OUTLOOK-Indian corn, kapashkhali may slip further on higher supplies

Last Updated: Mon, Jan 28, 2013 12:50 hrs

MUMBAI, Jan 28 (Reuters) - Corn futures in India, Asia's largest exporter, extended losses for a sixth straight session on Monday, and are likely to fall further this week on rising supplies in spot markets amid lacklustre demand from local feed makers.

Traders said about a 2 percent rise in the rupee against the dollar in the last two weeks amid softening global corn prices dashed hopes of a likely recovery in export demand and weighed on local prices.

"Earlier farmers were holding supplies expecting better returns. As they didn't have capacity to hold long, now they started bringing produce in large quantities," said Poonamchand Gupta, a trader based in Nizamabad, a key spot market in Andhra Pradesh.

Daily corn supplies in spot markets across the country have touched 8,000 bags of 100 kg each from less than 6,000 bags at the beginning of this month, according to traders.

Shreedhar Reddy, another trader based in Davangere, in Karnataka, said supplies were currently higher than when the harvest was in full swing in October-November.

"More corn is arriving in spot markets now," Reddy said.

Softening prices of soymeal and rapeseed-oilcake, which can be used as an alternative for preparing animal and poultry feed, also put pressure on local corn prices, traders said.

Soymeal prices in the key Indore spot market have fallen by 45 rupees to 285 rupees per 100 kg in the last six days.

Lacklustre buying by feed makers, who are expecting a fall in demand for poultry products with the end of the current winter season, is also hurting sentiment.

Demand for poultry products in India usually rises during the winter season as people eat more fatty foods than in the high temperatures of the summer.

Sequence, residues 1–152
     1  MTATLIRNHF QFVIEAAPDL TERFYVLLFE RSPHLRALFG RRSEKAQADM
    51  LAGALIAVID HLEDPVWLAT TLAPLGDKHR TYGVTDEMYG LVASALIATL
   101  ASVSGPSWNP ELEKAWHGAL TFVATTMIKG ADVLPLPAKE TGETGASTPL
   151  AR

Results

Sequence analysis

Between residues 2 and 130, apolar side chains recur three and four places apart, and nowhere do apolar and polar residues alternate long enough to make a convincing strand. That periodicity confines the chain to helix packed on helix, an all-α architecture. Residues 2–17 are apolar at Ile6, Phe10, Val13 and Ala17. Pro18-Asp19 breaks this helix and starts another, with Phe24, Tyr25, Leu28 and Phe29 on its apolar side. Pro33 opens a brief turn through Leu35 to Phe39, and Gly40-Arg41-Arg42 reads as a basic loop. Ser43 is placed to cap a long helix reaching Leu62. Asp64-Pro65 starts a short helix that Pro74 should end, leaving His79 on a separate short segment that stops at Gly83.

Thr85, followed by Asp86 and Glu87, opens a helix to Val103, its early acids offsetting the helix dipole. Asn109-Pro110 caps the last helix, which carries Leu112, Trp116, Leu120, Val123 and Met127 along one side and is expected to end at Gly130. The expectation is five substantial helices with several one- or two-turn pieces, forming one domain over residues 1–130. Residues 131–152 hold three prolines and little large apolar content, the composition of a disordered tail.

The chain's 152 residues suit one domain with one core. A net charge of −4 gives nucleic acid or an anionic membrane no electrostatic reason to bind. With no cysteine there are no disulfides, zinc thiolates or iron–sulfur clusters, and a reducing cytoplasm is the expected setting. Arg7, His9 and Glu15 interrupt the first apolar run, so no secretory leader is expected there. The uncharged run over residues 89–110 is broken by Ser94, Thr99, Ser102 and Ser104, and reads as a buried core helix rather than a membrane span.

In Chicago, the key March corn contract on CBOT was trading up 0.13 percent at $7.22 per bushel at 1237 GMT.

The contract fell about 1.5 percent in the previous seven sessions.

The key February contract on the National Commodity and Derivatives Exchange (NCDEX) closed down 1.03 percent at 1,344 rupees (about $6.4 per bushel) per 100 kg.

The contract lost more than 5.5 percent in the previous six sessions.


Indian cottonseed oilcake, or kapashkhali, futures extended losses for a second straight session to hit a new contract low, and may fall further this week on rising cotton supplies in spot markets and on softness in prices of other cattle feed products.

Kapashkhali is a by-product of cottonseed and is used as cattle feed, mostly for dairy animals, in northern India.

Cotton supplies in the spot market, though rising, are still 7 percent lower at 13.4 million bales of 170 kg each as against the comparable year-ago period.

Lower prices of rapeseed oilcake -- also used as cattle feed -- due to an expected rise in production as farmers planted more rapeseed, is also putting pressure on kapashkhali prices, said Manjit Singh, a trader based in Ludhiana, Punjab.

The key February contract on the NCDEX ended down 0.92 percent at 1,297 rupees per 100 kg, after hitting 1,294 rupees -- a new contract low -- earlier in the day. ($1 = 53.6950 rupees) (Reporting by Deepak Sharma; Editing by Anand Basu)

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